I certainly wouldn’t claim that the misunderstood notion of “happily ever after” I’m describing is universal, but I do think it exists in more than just overly romantic types. One example that comes to mind was an interview I head a while back with the actor Rob Lowe. He was describing how he had fallen into something like this. It was around the time of him beginning the show The West Wing. He realized that he had basically accomplished all he had ever dreamed and more – he was a famous actor, a household name, he was headlining a new show in a prime time slot, and he was acting alongside Martin Sheen, whom he had always idolized. And yet, he wasn’t feeling the way he thought he was supposed to. He’d accomplished all his goals, and he thought that meant he was supposed to just be happy now – as though achieving everything you’ve set out to do means happiness will therefore also be achieved. While I don’t think everyone has that experience, I think it’s not all that uncommon either. People will reach a point where they realize they have everything they wanted out of life, and find themselves confused that they still haven’t reached their proverbial “happily ever after.” This is actually one common catalyst for a mid-life crisis – “I’ve done everything I set out to do and everything I was supposed to do, but I’m still not happy!” This is a sign that they’ve internalized the idea that happiness is a state you achieve once you’ve ticked off all the right boxes on a checklist, rather than an atelic, ongoing process.
Your idea about why fairy tales shifted from their gruesome origins towards a more hopeful direction seems plausible to me, although I can’t say for sure. I’m sure somewhere out there is a book on the history of folklore with an answer to that question!
Mar 7 2023 at 2:41pm
Kevin, “But wiser minds realize that markets not being perfectly competitive or in a state of perfect equilibrium isn’t a problem to be solved – it’s the whole point of having markets to begin with.” Bang on! Markets that are not perfectly competitive are where profits are found. I was market-maker on the CBOE, trading options. That there was a spread between bid and offer meant the only price takers, vis a vis other market-makers and me, were agents who sold to our bid and bought at our offer. Of course the best bid and best offer were simultaneously displayed at every post for the public to observe.
Mar 7 2023 at 3:45pm
Nice post! The “happily ever after” framing really works to illustrate the differences between dynamic and static equilibrium/optimization. And, yeah, the grim pun is pretty spot-on, too.
The post also triggered a number of thoughts tangential to the thesis:
Tell that to the National Park Service.
“There are no happy endings – because nothing ends.” Schmendrick, The Last Unicorn (1982).
Affective (or hedonic) forecasting refers to a cognitive bias whereby people overestimate how events will influence their future happiness or sorrow. A contrasting theory (wrongly attributed to Lincoln) holds that “folks are usually about as happy as they make up their minds to be.” Affective forecasting research lends support to the idea that a person’s happiness depends less on external events than on some kind of internal disposition (although it is less clear that people can alter their happiness through volition).
How would humans develop a systemic inclination to believe falsehoods? I presume this dynamic has/had adaptive qualities. And I surmise that the quality is motivation: People work harder to influence events in their lives if they believe that doing so will alter how happy they will be in the future. It is the (false) belief in the potential reward, not the reward itself, that motivates the adaptive behavior. And the fact that the reward is repeatedly withheld never seems to dampen people’s motivation to pursue it.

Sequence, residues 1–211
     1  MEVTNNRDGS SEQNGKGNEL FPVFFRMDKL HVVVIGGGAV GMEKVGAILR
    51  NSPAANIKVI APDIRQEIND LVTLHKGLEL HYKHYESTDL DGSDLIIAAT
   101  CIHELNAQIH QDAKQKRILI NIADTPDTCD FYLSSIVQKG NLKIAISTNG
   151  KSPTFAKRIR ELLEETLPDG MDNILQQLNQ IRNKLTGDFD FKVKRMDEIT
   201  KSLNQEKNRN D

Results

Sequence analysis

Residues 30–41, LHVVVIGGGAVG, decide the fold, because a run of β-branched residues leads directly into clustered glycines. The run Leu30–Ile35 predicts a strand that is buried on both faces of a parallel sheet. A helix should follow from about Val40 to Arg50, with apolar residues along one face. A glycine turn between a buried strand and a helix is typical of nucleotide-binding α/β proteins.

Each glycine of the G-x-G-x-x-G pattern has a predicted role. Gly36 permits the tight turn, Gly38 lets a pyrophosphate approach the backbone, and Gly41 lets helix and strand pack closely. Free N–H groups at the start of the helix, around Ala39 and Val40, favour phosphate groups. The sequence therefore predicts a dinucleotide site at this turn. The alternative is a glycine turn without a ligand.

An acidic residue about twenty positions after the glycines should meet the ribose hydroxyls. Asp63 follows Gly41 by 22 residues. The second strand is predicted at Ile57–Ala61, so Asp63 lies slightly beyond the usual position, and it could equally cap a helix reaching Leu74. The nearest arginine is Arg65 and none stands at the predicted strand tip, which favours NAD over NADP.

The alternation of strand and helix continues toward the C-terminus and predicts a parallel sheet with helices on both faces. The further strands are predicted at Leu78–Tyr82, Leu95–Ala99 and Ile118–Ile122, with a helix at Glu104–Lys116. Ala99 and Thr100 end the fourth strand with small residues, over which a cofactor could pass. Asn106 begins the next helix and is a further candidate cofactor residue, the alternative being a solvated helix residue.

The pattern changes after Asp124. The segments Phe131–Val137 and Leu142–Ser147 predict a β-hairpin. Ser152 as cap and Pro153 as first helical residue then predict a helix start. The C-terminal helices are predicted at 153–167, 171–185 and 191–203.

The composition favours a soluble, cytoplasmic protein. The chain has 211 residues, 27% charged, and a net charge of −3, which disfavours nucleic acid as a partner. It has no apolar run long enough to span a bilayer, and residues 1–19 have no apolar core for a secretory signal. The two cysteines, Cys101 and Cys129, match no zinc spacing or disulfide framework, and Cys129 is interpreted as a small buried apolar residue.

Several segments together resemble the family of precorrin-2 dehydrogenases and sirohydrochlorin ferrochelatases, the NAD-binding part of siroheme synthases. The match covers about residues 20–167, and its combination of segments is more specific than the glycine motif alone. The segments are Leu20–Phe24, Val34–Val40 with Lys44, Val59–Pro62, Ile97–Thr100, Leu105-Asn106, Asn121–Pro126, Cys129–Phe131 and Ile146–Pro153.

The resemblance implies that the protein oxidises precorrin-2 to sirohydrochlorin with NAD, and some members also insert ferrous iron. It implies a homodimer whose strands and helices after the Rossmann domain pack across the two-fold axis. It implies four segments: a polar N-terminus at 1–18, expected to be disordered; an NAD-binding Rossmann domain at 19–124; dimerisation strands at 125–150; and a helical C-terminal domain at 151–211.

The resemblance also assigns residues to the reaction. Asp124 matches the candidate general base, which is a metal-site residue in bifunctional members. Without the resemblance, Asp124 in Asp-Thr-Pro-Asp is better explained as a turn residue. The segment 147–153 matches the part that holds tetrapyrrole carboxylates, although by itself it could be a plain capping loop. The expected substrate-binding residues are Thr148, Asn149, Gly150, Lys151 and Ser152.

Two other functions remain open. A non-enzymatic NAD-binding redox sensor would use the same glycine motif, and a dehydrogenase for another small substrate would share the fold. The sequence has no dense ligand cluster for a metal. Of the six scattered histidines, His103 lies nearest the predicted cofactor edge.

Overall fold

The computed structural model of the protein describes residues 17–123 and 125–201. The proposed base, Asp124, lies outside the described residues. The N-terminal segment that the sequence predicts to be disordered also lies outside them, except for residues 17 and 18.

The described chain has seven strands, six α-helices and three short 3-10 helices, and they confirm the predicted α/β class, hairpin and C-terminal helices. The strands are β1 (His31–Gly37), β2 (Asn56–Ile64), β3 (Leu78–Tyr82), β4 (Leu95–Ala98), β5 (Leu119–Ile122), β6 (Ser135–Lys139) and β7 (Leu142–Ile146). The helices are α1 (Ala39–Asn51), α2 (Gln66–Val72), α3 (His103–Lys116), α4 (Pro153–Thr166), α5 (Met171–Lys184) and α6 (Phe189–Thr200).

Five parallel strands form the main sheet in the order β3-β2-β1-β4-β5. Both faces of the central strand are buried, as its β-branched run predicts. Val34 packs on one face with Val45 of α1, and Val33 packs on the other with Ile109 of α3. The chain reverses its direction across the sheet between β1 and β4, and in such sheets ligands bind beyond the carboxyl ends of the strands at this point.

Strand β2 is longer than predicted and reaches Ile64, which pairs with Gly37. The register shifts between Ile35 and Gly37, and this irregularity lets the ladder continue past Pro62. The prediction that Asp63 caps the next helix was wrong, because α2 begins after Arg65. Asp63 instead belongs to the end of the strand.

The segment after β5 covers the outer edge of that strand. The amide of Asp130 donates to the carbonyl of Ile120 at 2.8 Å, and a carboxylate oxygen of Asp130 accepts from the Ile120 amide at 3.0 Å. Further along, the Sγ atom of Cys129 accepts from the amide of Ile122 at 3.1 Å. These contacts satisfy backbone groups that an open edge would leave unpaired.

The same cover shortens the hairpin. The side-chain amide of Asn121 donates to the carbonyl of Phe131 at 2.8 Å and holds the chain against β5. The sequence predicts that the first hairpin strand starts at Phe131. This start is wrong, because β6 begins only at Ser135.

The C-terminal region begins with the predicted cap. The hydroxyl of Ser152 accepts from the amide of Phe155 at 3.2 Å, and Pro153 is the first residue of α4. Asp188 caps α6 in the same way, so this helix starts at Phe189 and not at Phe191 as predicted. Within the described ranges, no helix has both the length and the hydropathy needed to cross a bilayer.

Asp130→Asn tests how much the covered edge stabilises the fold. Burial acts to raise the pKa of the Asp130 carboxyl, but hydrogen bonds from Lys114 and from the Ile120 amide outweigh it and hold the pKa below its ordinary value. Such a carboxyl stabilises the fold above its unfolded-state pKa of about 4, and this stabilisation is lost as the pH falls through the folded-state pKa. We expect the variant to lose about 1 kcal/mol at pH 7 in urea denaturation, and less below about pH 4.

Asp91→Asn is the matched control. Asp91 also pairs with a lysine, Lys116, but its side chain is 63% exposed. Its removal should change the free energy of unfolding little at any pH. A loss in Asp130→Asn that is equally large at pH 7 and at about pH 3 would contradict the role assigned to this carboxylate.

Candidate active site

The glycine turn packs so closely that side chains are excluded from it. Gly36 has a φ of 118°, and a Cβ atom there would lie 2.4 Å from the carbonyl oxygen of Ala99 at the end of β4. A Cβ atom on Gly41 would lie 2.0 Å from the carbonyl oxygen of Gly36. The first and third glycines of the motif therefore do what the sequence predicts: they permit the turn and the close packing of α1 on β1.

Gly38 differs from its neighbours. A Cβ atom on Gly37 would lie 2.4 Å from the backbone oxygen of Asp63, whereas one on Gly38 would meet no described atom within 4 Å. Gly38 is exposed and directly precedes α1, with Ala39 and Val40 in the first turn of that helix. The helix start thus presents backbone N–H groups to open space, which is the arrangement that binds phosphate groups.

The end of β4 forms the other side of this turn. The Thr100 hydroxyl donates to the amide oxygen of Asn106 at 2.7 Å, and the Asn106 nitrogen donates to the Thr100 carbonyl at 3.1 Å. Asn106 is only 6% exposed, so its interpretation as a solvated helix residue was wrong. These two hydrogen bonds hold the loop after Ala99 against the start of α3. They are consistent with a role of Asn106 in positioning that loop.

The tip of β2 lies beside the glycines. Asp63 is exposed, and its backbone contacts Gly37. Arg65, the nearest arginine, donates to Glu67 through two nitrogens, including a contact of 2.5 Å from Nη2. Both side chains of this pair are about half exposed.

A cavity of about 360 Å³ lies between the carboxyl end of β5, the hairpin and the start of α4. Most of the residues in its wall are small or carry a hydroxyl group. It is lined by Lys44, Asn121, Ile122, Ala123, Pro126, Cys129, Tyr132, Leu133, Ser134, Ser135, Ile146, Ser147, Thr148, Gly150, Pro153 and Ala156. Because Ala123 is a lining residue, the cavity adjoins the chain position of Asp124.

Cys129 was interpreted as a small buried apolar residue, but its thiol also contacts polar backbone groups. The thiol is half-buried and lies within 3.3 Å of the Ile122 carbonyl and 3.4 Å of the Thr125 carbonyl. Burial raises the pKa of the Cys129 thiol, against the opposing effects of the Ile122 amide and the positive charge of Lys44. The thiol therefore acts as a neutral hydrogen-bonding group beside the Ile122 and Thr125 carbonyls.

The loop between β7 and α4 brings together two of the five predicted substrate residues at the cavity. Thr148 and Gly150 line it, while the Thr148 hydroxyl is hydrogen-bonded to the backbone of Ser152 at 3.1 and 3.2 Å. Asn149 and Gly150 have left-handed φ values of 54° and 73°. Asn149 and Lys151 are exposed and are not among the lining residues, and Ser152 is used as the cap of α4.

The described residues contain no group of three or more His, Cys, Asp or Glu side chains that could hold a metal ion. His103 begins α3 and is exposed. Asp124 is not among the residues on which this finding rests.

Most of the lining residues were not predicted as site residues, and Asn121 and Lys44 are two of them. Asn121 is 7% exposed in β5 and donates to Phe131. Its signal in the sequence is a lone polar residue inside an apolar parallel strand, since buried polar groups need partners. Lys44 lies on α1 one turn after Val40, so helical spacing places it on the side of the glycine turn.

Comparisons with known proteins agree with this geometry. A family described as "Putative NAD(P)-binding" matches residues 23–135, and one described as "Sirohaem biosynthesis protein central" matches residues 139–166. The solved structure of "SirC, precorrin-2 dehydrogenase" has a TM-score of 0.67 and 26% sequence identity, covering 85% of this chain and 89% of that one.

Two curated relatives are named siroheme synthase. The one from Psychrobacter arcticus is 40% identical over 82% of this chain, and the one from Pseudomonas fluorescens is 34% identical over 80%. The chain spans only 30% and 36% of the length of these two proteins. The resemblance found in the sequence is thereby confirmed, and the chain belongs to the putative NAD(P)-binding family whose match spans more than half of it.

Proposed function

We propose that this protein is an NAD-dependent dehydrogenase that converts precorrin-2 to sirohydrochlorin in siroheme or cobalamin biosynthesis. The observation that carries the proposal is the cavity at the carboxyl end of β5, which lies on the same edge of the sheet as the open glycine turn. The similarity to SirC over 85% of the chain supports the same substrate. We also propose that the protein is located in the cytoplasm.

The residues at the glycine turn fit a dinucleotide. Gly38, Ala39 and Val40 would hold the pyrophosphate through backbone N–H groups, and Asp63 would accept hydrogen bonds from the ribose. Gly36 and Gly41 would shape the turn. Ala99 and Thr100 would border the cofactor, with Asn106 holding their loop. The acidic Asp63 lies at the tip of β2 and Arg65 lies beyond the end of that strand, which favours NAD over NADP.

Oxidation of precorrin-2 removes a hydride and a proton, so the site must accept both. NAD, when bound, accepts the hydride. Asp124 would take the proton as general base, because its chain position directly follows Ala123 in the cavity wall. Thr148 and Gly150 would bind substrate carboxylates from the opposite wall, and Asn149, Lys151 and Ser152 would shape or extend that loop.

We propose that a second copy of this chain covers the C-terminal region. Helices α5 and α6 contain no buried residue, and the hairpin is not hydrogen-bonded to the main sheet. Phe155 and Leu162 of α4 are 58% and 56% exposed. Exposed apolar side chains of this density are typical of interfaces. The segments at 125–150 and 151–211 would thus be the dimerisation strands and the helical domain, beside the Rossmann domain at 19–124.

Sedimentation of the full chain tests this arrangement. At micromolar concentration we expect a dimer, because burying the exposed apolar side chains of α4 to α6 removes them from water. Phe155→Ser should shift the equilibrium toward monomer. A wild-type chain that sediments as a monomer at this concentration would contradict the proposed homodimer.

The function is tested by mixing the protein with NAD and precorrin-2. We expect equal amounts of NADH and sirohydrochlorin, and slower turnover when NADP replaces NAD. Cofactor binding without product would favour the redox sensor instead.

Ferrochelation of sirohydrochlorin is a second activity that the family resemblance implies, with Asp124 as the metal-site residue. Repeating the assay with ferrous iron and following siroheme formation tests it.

Knut P. Heen
Mar 8 2023 at 11:30am
You compete on costs/profits in the perfect competition model (not price). The point is that everyone face the same market price, but a supplier with lower costs will obtain more profit. Marginal cost equals price, must not be confused with the idea that all competitors have the same total costs and same profit. If a firm finds a cheaper way to produce, it will expand the production until it again hits marginal cost = price at a higher quantity produced. The firm produces more at a lower cost and obtains a higher profit than its competitors. The number of competitors is by assumption so large that the increased production does not impact the market price (the demand curve is flat from the perspective of the firm). The incentive to cut costs in the monopoly model, however, is weaker because expanding production when you face a downward sloping demand curve reduces the price. Hence, some of the benefit from cutting costs falls to the consumer in the form of a lower market price. I think these models captures the idea of competition fairly well.
The idea that perfect competition is some ideal that should be pursued is as stupid as trying to force real gases to follow Boyle’s law (of an ideal gas). If everyone competes at producing potato, who produces tomato? There is a budget of people in the world. The only way to increase competition is to have more babies.
Capt. J Parker
Mar 8 2023 at 1:11pm
This is just wrong. Of course there is competition taking place. Each firm is competing for a share of buyers at the equilibrium market price (among other things.) The need to compete for buyers is exactly what makes each firm a price taker.
Such a thesis confuses the premise that no single firm is able to achieve a competitive advantage with the idea that no competition taking place. It’s like saying that because the offense wasn’t able to move the football an inch after 4 downs that both teams stopped competing.
Sure, there’s plenty of real world economic activity that the econ 101 perfectly competitive market model doesn’t capture. Competition between firms is not one of them.
This reminds me of a similar piece of nonsense spewed at me in my Micro 101 for non-economics majors course may years ago. The nonsense was that in a perfectly competitive market where firms increase output until their marginal cost equals the market price, there are no “profits.” And this, of course, confused “profit” with production surplus. I’m sad to report that is was at a university with a big time economics department. However, the Solo’s and Samuelson’s couldn’t be bothered with teaching Micro 101 to engineers and physicists so grad student instructors taught most of the course. Still, an unforgivable error in retrospect.